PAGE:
strategic communication

“Write to be understood, speak to be heard, read to grow.” – Lawrence Clark Powell

Archive for the category “Convergence”

The Universal Use of Blogs

As media becomes more mobile and digital, more instances of citizen journalism are making headlines. People who are in the right place at the right time can simply take out their phones and report the next big story. News outlets will get a hold of the footage, fact check the source, and then display it on national media. What a powerful concept–that anyone can be responsible for the first look of a breaking story! Even bloggers who do not make headlines with breaking news are still able to publish stories for anyone to read. These stories have the power to sway their readers’ opinions, so it is important for businesses to understand just how influential blogs can be.

When researching a topic or product, it is very likely that blogs with key words will come up in searches. There are blogs out in the “blogosphere” that cover everything from clothes, to food, to politics. Many of these bloggers write their posts because they simply want to talk about their passions, share their thoughts, or ask the vast amount of World Wide Web users their questions. Bloggers can choose to be as open and detailed as they wish with their posts. Blog use spiked after the 9/11 attacks when people had so many worries and speculations they felt they needed to express. Blogs allowed humans to connect with others with similar views of the event. These connections gave small comforts of online support while the real world spun on in chaos. Sherry Turkle discusses the irony of posting for millions of people online, but feeling more alone in real life relationships. Perhaps it is easier to be honest and voice opinions when there is a screen in front of the user. Technology puts a sort of wall up even when a person is expressing vulnerable information. People can post how they really feel without having to worry about a real-life confrontation.

Blogs have created communities can be more authentic than other social media. There is more room to write thoughts just the way users want, in any sort of format they want. The honest views and opinions behind many blogs create inviting safe places to read about similar interests. I remember when I was in about 7th grade, I was googling lyrics to a song and came across the first online blog I ever saw. I read post after post before realizing it was a girl around my age who lived in Singapore. I remember I was completely drawn to her personal stories that ranged from school activities to hanging out with friends on the weekend. She frequently blogged about American Idol and Harry Potter, both of which I was quite obsessed with at the time. To this day I still think that was one of the coolest things I discovered: that there are ways to connect with people similar to you who live on the other side of the world.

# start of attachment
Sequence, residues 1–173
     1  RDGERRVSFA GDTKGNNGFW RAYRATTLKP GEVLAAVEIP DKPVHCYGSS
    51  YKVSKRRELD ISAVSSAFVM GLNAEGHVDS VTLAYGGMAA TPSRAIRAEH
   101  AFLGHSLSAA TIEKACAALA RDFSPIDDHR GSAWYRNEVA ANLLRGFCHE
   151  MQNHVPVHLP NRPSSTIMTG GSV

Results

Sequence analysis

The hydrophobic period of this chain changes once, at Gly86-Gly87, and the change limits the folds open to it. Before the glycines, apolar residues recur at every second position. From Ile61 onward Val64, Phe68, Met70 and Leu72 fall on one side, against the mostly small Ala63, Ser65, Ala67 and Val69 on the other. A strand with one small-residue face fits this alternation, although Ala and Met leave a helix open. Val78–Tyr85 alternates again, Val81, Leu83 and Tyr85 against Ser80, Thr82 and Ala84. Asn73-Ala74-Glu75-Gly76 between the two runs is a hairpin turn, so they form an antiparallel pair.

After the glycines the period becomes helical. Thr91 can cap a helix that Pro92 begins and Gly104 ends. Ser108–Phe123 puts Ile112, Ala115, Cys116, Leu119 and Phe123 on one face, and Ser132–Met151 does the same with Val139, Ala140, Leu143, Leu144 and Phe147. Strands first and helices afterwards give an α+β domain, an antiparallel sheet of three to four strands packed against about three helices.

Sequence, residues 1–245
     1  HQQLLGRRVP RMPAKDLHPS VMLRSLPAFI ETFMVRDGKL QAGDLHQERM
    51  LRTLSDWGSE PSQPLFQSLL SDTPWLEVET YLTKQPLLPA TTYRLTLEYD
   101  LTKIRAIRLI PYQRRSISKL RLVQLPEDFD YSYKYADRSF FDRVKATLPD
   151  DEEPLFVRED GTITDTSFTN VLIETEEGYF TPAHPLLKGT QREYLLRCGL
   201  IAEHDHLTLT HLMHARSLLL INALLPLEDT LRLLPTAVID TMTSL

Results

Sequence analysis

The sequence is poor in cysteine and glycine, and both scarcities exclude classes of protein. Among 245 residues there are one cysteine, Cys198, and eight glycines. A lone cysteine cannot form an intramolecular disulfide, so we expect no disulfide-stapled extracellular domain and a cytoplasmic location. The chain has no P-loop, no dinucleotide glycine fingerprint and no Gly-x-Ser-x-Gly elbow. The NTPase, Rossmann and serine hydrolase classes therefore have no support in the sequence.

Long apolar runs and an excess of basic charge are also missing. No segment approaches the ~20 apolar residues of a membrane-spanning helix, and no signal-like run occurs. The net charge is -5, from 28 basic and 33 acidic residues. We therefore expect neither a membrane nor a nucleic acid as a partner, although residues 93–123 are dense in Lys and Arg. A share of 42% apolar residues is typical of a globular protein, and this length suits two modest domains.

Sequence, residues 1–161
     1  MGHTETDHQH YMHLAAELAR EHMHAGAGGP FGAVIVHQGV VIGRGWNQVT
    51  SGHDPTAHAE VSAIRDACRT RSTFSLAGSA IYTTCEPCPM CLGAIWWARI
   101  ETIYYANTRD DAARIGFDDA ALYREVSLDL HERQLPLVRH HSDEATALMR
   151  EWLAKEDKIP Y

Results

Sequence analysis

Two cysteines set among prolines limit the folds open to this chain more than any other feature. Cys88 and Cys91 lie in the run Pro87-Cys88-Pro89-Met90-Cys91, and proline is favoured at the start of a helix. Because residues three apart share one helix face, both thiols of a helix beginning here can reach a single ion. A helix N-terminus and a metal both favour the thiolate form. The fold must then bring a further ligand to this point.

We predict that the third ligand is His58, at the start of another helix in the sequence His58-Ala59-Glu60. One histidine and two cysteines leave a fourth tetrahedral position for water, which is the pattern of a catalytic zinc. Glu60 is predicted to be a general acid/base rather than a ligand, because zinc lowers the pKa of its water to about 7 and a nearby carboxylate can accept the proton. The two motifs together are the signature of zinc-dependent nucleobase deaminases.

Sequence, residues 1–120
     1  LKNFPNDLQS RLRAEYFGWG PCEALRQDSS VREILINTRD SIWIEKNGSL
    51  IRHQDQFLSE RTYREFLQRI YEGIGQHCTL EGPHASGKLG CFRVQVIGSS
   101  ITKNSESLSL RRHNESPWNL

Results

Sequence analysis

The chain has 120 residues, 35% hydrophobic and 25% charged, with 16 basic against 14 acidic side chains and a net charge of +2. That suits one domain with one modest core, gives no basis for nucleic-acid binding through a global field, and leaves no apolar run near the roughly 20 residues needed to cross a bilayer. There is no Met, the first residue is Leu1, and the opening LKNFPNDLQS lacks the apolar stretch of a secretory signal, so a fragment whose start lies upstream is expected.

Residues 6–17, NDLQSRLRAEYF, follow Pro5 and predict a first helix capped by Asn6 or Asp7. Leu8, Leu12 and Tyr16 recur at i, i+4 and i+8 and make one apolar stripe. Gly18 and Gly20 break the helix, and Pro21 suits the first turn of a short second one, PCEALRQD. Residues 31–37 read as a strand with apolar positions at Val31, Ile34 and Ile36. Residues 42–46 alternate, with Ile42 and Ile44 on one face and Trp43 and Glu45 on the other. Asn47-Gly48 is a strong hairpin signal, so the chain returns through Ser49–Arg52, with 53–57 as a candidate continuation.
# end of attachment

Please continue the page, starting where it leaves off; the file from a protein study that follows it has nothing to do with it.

Here is a picture from the WordPress Stats site of people actively posting, commenting, and liking blogs. The site states that as of 2014 “tens of thousands of new WordPress sites are created every day.” Now that is some big data! How are all of these blogs being used as sources of information?

Wordpress stats

Many political bloggers write their posts in narrative forms, expressing their ideology and beliefs. A study found that while most political bloggers created their blog to let of steam or record their stream of consciousness, they ultimately continued blogging because of their influences on readers. Democracy and the voting process are affected by blogs because people are putting their trust into the opinion of average citizens. One blogger in this study talked about “getting quoted by journalists.” Even professional journalists are looking at blogs for information and insight. Blogging serves as a purpose to give people information they want.

Outside of the political world, personal blogs can create just as much conversation. If a blogger has an unpleasant experience in a retail or food corporation, what is stopping him or her from writing about it in a blog that can potentially be seen by millions? Knowing that every individual has the power to post about real-time events based on first-hand information is crucial when serving customers. Businesses are being held even more accountable because any kind of exposure is only one click away. Blogs with large followings in these web-based communities will spark conversations, so it is crucial for businesses to maintain a good reputation.